Social Anxiety Disorder: 3 Tips to Manage and Reduce Your Social Anxiety


girl with social anxiety at a party

You’re invited to a party and it sounds like fun so you say yes. Then days before the party you begin to have second thoughts about going. All the “what-if’s” start popping up in your mind triggering fear and self-doubt. ‘What-if I freeze if someone asks me a question?’ Or worse, ‘what-if I say something stupid and embarrass myself.’



What is Social Anxiety Disorder?


If you suffer from Social Anxiety Disorder (SAD) you're not alone. Social anxiety disorder affects over 19 million people across America. It is the third most common mental health disorder in America, and the most common anxiety disorder. SAD usually starts in adolescence or early adulthood. Women and men are equally likely to develop a social anxiety disorder. And, it often co-occurs with other mental health disorders, like depression, OCD, or other anxiety disorders.


If you have Social Anxiety, you may have strong fears and worry about being humiliated or embarrassing yourself in social situations. You may also have a fear of people judging you. Then those fear thoughts can trigger physical symptoms like sweating, trembling, or even nausea. SAD can prevent you from having normal interactions with people, build friendships, or have a romantic relationship. SAD can also make it hard for you to function in your daily life, at work, or school. Eventually, it can feel safer to withdraw and stay home than risk your fears coming true.



You may suffer from Social Anxiety Disorder if you exhibit the following symptoms:

  • Anxiety about being with other people

  • Difficulty talking normally to others

  • Self-consciousness in front of other people and feelings of embarrassment

  • Fear that other people will judge them

  • Worry for days or weeks before a public event

  • Avoidance of public places

  • Difficulty making and keeping friends

  • Blushing, sweating, or trembling around other people

  • Feeling nauseous around other people

  • Have other physical symptoms, such as confusion, arrhythmia, diarrhea, muscle tension, and upset stomach

2 Common Cycles of Social Anxiety Disorder


There are two patterns that create and perpetuate a common cycle of SAD. If we stay with the example above about going to a party, the fear and worry thoughts of embarrassing yourself or being judged cause your heart to beat faster, you get more and more nervous and your stomach starts to hurt. So, you decide to call your friend and make an excuse for why you can’t go. When you hang up the phone, you feel calmer. That sense of calm reinforces the idea that avoiding going to parties is a good thing.


The second pattern happens if you decide to go to the party. When you get there your internal fear dialogue starts up. You begin to worry and sweat and stand in a corner of the room staring at your phone so you don’t draw attention to yourself. When you get home, you think about the terrible time you had at the party. This then reinforces the belief that you can never have a good time at parties.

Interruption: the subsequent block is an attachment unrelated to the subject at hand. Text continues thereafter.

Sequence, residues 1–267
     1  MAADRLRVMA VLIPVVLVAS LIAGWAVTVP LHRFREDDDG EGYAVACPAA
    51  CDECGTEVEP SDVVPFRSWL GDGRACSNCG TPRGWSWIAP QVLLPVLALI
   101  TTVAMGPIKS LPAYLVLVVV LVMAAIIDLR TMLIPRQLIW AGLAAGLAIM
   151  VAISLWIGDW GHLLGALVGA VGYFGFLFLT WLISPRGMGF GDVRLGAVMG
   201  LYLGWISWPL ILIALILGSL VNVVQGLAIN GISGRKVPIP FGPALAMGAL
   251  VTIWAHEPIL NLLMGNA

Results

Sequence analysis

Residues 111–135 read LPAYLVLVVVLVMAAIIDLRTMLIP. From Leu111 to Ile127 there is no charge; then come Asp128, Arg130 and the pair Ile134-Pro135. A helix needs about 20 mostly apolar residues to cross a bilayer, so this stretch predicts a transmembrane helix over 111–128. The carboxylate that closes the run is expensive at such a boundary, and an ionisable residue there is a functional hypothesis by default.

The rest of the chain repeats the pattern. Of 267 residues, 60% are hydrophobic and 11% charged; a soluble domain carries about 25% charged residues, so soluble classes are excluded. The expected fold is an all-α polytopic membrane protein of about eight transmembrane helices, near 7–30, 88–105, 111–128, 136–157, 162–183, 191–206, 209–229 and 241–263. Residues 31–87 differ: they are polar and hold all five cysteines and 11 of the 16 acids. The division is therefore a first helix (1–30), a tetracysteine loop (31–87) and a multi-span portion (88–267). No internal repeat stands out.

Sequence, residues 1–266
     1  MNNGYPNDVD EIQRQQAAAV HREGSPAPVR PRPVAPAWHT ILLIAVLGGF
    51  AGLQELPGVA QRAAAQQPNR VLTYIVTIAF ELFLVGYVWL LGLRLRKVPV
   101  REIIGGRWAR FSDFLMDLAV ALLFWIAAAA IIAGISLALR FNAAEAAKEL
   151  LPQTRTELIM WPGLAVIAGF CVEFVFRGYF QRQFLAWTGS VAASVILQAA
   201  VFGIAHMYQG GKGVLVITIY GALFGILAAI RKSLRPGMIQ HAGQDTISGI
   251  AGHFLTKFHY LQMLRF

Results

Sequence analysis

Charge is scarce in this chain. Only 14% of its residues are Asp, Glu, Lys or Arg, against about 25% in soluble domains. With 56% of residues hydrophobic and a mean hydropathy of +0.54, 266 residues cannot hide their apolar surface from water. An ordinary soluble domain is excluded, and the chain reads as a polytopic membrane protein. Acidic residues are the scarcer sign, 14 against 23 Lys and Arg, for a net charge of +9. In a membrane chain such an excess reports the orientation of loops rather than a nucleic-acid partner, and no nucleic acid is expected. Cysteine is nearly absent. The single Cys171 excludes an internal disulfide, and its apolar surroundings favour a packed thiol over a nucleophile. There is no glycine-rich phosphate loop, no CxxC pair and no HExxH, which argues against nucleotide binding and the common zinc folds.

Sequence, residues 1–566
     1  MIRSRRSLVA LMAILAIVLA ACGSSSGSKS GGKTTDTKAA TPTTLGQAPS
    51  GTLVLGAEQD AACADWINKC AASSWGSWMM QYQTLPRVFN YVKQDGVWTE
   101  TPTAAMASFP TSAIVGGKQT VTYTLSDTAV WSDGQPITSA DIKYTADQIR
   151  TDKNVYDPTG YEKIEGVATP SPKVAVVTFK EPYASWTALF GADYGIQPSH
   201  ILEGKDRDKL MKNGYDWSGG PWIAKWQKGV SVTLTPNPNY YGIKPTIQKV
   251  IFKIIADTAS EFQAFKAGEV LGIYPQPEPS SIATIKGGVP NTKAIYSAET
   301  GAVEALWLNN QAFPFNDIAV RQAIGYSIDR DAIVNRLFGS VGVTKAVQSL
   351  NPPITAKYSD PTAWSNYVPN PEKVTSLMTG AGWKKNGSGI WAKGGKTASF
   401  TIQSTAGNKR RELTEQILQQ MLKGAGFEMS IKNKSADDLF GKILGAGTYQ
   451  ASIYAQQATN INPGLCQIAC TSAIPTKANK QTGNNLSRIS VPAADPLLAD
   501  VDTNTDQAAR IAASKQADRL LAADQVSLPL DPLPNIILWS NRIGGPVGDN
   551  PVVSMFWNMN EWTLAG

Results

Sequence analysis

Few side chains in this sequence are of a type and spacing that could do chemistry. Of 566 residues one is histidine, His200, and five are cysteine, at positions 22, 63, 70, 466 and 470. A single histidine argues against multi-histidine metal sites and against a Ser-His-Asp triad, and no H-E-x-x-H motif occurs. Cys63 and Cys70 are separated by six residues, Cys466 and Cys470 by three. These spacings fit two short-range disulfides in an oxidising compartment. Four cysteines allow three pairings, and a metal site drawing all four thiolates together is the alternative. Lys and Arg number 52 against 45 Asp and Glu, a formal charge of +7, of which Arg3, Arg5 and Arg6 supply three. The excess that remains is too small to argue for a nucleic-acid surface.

Anxiety Therapy Boulder by Darleen Gegich MA LPC

 

3 Ways to Manage your Social Anxiety


There is hope you can take charge of your social anxiety and enjoy your daily life more. Here are a few ways to begin:


1. Find ways to lift your mood before a social event. Do something that you naturally enjoy that can give you a dose of endorphins that will make you feel good. That may be listening to upbeat music, playing a video game, or watching a comedy show on TV.


2. Challenge your negative thoughts about the event. For example, if you are having the thought 'people are not talking to me because they can see I don’t belong here' you can change that to 'people are talking to other people they already know. It’s not personal'.


3. Get support from a therapist with experience in effective anxiety treatment. You can learn how to identify distorted beliefs and replace them with healthy ones. You can also learn ways to create more calm in your body by using mindfulness techniques. Yoga is also a good practice to reduce anxiety.


You don’t have to suffer alone. Learning about the neuroscience behind Social Anxiety Disorder and the techniques to reduce it, you can feel more empowered to engage with other people and enjoy daily life more. Read more about Anxiety Therapy here,


Reach out today to find out what options are available to you. Together we can make changes that will help you feel safe and empowered to socialize with increased comfort.


Contact Darleen









Sources:

1. Understanding the Facts: Social Anxiety Disorder. Retrieved from https://www.adaa.org/understanding-anxiety/social-anxiety-disorder


2. https://novopsych.com.au/assessments/social-interaction-anxiety-scale-sias/


3. https://www.Anxiety.org